I want to love Komen's new cause marketing partnership with Kentucky Fried Chicken, Buckets for the Cure. I really do.
- The partnership is a cause marketer's dream with 5,000 stores participating. Cause marketing programs work best with lots of locations and lots of foot traffic. KFC has both.
- 50 cents of every bucket ordered by restaurant operators (interesting how the donation isn't triggered by customers buying buckets but by operators ordering them) during the promotion period (now through May 30th) will go to Komen.
- Komen is guaranteed a cool million. But KFC is hoping to raise over $8 million, the largest single donation to a breast cancer cause.
- The program also has lots of extras too, like pink buckets you can't miss and lids with calls to action to get involved.
Bear with me while I collect myself...heading toward the light...too beautiful, too wonderful.... ZZZAAAPPPP!
That's Scotty Henderson prodding me back to reality with his eye-opening post on Buckets for the Cure.
Sigh. It was lovely while it lasted. But, alas, Buckets for the Cure is a horrible promotion full of cause dissonance that strips it of charity and authenticity.
The Komen/KFC debacle is a warning to all cause marketers that money should never cloud our values, our goals or our common sense. As Scotty points out, the conflict between the fight against breast cancer that Komen champions and the fat-infested food that KFC sells is simply irreconcilable.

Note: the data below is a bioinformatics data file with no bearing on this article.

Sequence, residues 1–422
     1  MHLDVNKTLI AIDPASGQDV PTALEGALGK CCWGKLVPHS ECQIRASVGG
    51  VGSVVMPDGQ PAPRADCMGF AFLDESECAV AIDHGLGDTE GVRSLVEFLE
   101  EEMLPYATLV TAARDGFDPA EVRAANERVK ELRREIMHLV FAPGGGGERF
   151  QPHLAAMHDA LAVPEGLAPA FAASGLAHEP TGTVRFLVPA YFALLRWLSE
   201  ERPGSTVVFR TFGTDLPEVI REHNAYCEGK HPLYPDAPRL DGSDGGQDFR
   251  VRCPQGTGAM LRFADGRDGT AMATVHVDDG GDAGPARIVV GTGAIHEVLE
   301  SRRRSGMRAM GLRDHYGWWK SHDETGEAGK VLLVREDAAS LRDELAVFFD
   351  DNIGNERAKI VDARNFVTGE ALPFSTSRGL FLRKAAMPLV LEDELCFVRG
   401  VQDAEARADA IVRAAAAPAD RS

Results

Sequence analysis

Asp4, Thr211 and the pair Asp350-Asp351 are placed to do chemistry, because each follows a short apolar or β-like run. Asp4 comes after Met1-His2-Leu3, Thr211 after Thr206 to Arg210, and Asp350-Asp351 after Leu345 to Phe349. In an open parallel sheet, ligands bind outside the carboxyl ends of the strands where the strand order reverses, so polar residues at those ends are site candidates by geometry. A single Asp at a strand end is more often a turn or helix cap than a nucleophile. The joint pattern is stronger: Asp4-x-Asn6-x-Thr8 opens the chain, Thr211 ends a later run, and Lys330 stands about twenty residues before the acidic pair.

It's like Deadliest Catch sponsoring Sea World or Smith & Wesson funding a rifle range at Columbine High School.
With 2400 calories and 160 grams of fat, a bucket of extra crispy KFC should include the wig you'll need for cancer treatments after eating this crap for years.
Perhaps I'm being too harsh on KFC. After all, they do offer a grilled version of their chicken bucket that has fewer calories.
The same week as the Buckets for a Cure began, KFC rolled out the Double Down. Bacon and cheese wrapped in two fried chicken breasts. 540 calories, 32 grams of fat and 1,380 milligrams of sodium.
Come on, KFC, are you really saying you care about the well being of women with this beast? Not true, retorts the Colonel. The target demo for the Double Down is men! So we should feel better knowing that the Double Down is a widow maker?
Perched on my soapbox, let me conclude.
Why did Komen do it? For the money, of course, which will never be enough to educate women and others on the perils of fat-farms like KFC. Komen knew they would ruffle a few feathers with this promotion, but soon all will be quiet in the hen house.
This is America where money can justify any crime, wash away any guilt, sanitize any reputation and rationalize any bad idea.
As a cause marketer who loves to win and close deals, I understand why Komen wanted to work with KFC. The lure of seven-figures. The promotion. It's intoxicating. You talk yourself into it. Would I have advocated a similar partnership within my organization? Maybe. But thankfully my colleagues and superiors have better judgement than I do. Komen, at least in this instance, has been blinded by its ambitions.
It's a story as old as humankind. It's when fool is most consumed by success that a fox steals in to the hen house.